Published on 19 May 2020
Parliamentarians join Rev Dr Rowan Williams in Westminster
On a sunny March afternoon, before lockdown, Parliamentarians, church leaders and climate campaigners gathered outside the Houses of Parliament. Together we raised our voices in prayer and in song.
What a profound moment; to stand outside the seat of power in the UK and call for climate justice!
Dr Rowan Williams led a short reflection alongside Amanda Mukwashi, our CEO and Hannah Abban, a young activist taking part in Christian Aid’s prophetic activist scheme.
Rowan Williams spoke powerfully of our call to be witnesses to the world God wants us to create.
'We live in a world where communication and travel mean that issues which begin in one very remote part of the globe become literally and immediately the issues of ourselves and our next door neighbours. And that’s very clear with the Corona virus, but it’s clear too in the way in which the impact of climate change on the poorest drives instability, injustice and conflict.
When St Paul writes about the kind of human community that God wants, he writes about a community where one persons’ suffering is everybody’s issue. And that can’t be repeated too often. That’s the kind of community God asks us to create. So, the crises we face in this moment in history, are crises which really reinforce for us the interconnectedness of our world and we’re called to witness to the truth.'
Standing together in prayer that transforms us and the world around us, we believe we can stop this climate crisis.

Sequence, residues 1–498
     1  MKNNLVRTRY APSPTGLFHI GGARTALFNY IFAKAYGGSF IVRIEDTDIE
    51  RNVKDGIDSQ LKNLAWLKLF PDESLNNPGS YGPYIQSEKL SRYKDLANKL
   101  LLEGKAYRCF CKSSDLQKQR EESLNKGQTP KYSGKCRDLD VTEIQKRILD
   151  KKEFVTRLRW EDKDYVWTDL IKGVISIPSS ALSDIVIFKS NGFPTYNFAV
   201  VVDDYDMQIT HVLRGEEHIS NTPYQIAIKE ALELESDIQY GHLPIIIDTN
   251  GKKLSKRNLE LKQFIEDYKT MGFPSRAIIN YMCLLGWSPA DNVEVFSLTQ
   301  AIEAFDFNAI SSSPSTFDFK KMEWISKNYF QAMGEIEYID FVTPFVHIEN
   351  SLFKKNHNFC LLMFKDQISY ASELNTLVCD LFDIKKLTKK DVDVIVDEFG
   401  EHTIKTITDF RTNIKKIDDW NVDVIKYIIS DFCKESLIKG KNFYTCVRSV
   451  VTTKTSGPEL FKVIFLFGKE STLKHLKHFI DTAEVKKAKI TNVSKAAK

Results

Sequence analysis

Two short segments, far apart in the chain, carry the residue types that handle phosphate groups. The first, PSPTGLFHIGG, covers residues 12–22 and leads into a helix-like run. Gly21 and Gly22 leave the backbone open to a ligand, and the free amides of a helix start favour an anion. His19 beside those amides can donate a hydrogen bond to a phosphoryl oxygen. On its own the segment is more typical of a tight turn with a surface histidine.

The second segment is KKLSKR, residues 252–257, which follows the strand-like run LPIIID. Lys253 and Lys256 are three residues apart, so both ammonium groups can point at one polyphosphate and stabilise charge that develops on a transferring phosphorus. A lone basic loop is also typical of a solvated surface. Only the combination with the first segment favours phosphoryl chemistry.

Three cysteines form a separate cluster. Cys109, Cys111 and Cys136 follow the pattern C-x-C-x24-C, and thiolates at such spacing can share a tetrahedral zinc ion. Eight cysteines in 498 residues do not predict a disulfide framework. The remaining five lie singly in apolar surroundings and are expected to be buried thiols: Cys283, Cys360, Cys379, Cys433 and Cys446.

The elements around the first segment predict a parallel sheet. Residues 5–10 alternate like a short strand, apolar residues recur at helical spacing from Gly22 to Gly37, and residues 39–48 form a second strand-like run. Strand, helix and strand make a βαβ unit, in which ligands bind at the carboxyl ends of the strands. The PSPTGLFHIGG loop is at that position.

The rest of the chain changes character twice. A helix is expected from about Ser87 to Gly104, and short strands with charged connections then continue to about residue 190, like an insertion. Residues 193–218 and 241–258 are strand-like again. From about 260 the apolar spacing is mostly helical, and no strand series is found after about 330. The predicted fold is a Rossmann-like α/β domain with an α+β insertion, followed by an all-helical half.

Praying alone for climate justice
Praying by yourself for a whole hour might feel a little overwhelming, but Jess from Walthamstow signed up to pray for climate justice and made herself a plan – a prayer plan!
'To get through what felt like it was going to be a marathon hour, I did what any good runner would do – set some short distance targets. I decided to split my hour into 15 minute chunks, with each one dedicated to a particular type of Prayer: Thanksgiving, Lament, Confession, Petition.
Praying for an hour - or even 15 minutes - didn’t mean I had to be in constant spoken word with God, I could read the bible, sit in contemplation, speak and listen.
Praying from the confines of my bedroom, I wanted to find a way to connect to the living world that surrounds us. Rather than crack open the window to listen to the sounds of my urban London street, I found myself a video on Youtube of a beautiful stream surrounded by woodland and listened to the trickle of water, sound of birds and the rustle of leaves as I entered my time of prayer.
To put yourself in the attitude of unceasing prayer even just for an hour is a powerful and transformative act. I was blessed to be part of the prayer chain and to say Amen To Climate Justice.'
Praying apart, together
Since the start of the lockdown, the way that we worship together as communities of faith has had to change dramatically. But there are still ways we can gather in prayer, despite staying remote from each other physically. In fact, it feels more important than ever that we do so.
Groups of Christian Aid colleagues have been doing morning prayer via online meeting platforms, churches have been streaming services and WhatsApp groups are buzzing with prayer requests.
Starting your own mini prayer chain with a group of friends by choosing a day to set aside, with a simple rota could be a great way to stay in touch with each other and continue to stand in solidarity with people around the world. As each person finishes their slot, they could call the next person on the list to check in with them and then pass on the prayer baton! At the end of the day, take some time to regroup and talk about how each slot went. There are other ways to pray in our recent guide to praying in a pandemic.
We’ll be praying for climate justice every day until COP26, the crucial UN climate talks that were due to take place in Glasgow in November. They’ve been postponed, but our prayer will remain unceasing. Sign up now to join in.